Agassi amazed by tennis's 'golden age'

25 January 2013 10:17

Eight-time Grand Slam-winner Andre Agassi Friday said tennis was witnessing a "golden age" and that Novak Djokovic, Roger Federer and Rafael Nadal were arguably the best the sport had seen.

Agassi, 42, speaking on his first visit to the Australian Open since he retired in 2006, joked that the only way he could have beaten Djokovic, the world number one, would have been to pick a fight with him.

"Let's see. I would have probably gotten in a fight with him in the locker room before the match. I might have had a chance, maybe there," Agassi said, adding that he was amazed at how standards had soared.

"It's been amazing watching the standard continually sort of get better. You wonder how it's possible, you know, to continue at that sort of rate.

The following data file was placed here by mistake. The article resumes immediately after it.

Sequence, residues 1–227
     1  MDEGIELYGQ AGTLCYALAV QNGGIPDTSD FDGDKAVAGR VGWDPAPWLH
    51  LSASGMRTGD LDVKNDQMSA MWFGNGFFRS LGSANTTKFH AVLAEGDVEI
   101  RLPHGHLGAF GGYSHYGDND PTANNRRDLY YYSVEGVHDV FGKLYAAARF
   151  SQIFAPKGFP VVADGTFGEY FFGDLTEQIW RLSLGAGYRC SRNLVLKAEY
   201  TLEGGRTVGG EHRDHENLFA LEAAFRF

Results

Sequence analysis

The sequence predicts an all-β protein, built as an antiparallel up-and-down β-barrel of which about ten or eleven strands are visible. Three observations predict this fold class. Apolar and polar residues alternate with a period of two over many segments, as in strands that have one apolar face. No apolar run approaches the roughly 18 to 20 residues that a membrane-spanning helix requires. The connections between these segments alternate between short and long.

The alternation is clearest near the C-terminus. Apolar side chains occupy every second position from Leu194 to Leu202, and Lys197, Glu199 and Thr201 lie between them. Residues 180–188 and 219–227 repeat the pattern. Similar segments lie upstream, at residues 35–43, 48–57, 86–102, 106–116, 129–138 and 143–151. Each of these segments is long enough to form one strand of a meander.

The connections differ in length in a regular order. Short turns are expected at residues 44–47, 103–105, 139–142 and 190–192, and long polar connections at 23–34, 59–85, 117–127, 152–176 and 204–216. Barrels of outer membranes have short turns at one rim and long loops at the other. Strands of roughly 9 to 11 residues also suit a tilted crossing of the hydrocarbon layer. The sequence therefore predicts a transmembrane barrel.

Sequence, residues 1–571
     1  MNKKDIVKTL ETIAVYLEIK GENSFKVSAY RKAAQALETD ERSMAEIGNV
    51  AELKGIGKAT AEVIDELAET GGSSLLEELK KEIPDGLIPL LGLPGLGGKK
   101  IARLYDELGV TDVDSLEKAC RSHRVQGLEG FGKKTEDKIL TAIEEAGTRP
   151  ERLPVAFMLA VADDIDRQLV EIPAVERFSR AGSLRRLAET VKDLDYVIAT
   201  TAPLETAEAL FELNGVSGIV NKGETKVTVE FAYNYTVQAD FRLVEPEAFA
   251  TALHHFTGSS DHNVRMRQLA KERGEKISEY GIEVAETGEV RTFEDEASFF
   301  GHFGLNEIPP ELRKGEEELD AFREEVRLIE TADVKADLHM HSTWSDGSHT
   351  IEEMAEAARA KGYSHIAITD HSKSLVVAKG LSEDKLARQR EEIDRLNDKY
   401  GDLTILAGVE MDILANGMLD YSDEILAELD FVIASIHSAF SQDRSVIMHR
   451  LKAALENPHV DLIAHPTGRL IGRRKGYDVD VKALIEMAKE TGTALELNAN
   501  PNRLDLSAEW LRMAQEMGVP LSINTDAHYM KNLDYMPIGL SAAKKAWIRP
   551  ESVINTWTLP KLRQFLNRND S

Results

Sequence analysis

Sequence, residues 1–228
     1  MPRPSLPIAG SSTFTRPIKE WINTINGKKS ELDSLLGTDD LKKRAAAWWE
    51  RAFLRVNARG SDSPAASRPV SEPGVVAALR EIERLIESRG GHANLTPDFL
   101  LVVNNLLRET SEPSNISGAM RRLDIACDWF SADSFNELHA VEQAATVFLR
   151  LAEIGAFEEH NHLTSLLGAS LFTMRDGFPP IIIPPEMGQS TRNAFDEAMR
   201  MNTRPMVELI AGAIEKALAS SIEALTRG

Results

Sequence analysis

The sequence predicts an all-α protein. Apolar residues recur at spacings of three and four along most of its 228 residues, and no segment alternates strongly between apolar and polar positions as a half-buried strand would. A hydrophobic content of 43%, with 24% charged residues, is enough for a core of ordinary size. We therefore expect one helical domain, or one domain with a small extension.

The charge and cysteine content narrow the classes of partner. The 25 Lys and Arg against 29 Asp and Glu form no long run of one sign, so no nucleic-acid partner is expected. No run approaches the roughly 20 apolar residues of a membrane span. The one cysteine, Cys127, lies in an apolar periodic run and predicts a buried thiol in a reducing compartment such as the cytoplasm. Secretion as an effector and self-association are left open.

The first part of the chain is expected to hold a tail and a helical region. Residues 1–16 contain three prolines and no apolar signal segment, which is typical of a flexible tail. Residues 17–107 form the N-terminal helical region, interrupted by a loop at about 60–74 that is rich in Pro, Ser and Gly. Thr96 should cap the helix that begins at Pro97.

"I mean, what Federer did when he came and when I said goodbye, a lot had to do with what I knew was untouchable.

"It's just a different standard of tennis. It's different rules of engagement when guys can do what these guys can do. I don't recognise it from a standpoint of strategy, because I counted on getting somebody behind in a point and then slowly smothering them.

"But nobody's behind in a point. You never know when they're behind in a point. That would have eliminated any ability I had to move forward in the court.

"Means I would have had to be a different player, would've had to have a different body. It means the game has gotten a lot better."

Since Agassi retired, Federer has outstripped Pete Sampras to reach a record 17 major titles, including a career Grand Slam. Nadal has totted up 11 and Djokovic, 25, has been the dominant player of the past two seasons.

"You know, Fed raised it; Nadal matched and raised it; Djokovic, for that intense little period of time, even raised it," Agassi said.

"It seemed like last year settled down a bit, and now all of a sudden (Andy) Murray is in the equation of where is he going to go.

"But when I see those top three guys, I see what history will say is the golden age of tennis. You're talking about arguably the three best guys.

"Djokovic will still need some distance to cover, but best of all time, if you're having that discussion in the same generation, it's remarkable."

Source: AFP